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Economist Luisa Blanco to Present Research Paper for Mind Your Money Project at APPAM Conference

March 8, 2022  | 2 min read

Luisa Blanco - Pepperdine School of Public Policy

The Pepperdine School of Public Policy is honored to announce that Luisa Blanco, professor of public policy, will be presenting a research paper at the Fall 2021 APPAM Research Conference. The conference this year focuses on The Power of Inclusion: Incorporating Diverse Voices in Public Policy Analysis and Management. APPAM is the Association for Public Policy Analysis & Management organization. This conference was set to take place last year in November, but due to COVID-19 was rescheduled, and now will be held March 27-29, 2022, in Austin, Texas.

Blanco will be presenting her project “Mind Your Money: A Community-Based Randomized Controlled Trial of a Mobile Financial Capability Intervention Among Latinos.” This project is funded by the Robert Wood Johnson Foundation, and in collaboration with April Thames (UCLA) and Isaias Hernandez (Eastmont Community Center) in the "Social Equity and Race" track and with the session name: Equitable Data/Advancing Racial Equity and Support for Underserved Communities.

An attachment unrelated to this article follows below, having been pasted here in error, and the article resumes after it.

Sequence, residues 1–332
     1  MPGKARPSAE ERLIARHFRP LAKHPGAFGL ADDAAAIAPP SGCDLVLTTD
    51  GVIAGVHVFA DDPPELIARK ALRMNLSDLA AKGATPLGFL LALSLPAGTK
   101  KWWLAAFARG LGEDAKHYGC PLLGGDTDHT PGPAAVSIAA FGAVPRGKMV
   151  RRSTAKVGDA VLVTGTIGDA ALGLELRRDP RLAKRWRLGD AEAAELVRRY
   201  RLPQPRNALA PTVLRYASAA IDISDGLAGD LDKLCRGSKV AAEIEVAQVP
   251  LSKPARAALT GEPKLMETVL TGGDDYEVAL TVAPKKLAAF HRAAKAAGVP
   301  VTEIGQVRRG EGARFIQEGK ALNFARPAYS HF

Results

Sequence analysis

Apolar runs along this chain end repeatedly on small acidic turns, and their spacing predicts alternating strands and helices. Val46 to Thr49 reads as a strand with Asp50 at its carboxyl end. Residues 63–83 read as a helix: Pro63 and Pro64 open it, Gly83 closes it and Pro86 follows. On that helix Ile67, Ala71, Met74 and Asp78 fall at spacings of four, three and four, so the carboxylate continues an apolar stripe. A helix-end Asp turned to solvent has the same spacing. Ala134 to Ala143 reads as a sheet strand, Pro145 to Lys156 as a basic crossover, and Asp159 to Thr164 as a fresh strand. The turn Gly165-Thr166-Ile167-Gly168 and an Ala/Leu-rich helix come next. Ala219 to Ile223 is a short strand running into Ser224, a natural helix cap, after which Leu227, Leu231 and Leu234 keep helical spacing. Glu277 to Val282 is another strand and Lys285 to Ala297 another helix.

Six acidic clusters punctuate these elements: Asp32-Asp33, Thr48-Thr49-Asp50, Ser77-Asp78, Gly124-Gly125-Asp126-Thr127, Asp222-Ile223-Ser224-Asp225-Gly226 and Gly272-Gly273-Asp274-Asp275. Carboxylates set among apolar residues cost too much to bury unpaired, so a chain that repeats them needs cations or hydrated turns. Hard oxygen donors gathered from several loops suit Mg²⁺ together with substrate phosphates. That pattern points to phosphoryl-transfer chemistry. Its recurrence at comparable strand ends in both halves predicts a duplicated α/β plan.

“It is probably the most important conference for those of us who do applied research that has policy applications. I like going to this conference because it has a good mix of academics and practitioners,” said Blanco.

Mind your Money is a community-based mobile-delivered intervention to promote good money management skills among Latinx adults in Los Angeles. Mind your Money was designed as a randomized controlled trial with a waitlist control group to ensure all participants benefit from participating in the program. The purpose of this program is to measure how a mobile-delivered intervention can be effective in getting the Latinx community engaged in learning about how to manage their finances, and how this educational program can lead to behavioral change to improve financial wellbeing. Through this program, we are also interested in developing a better understanding of the link between personal finances and stress.
 
At APPAM, Blanco and the Robert Wood Johnson Foundation fellows will present preliminary results of their findings when they evaluate differences between treatment and control groups of their primary outcomes of interest related to financial behavior and stress at six months among 115 participants.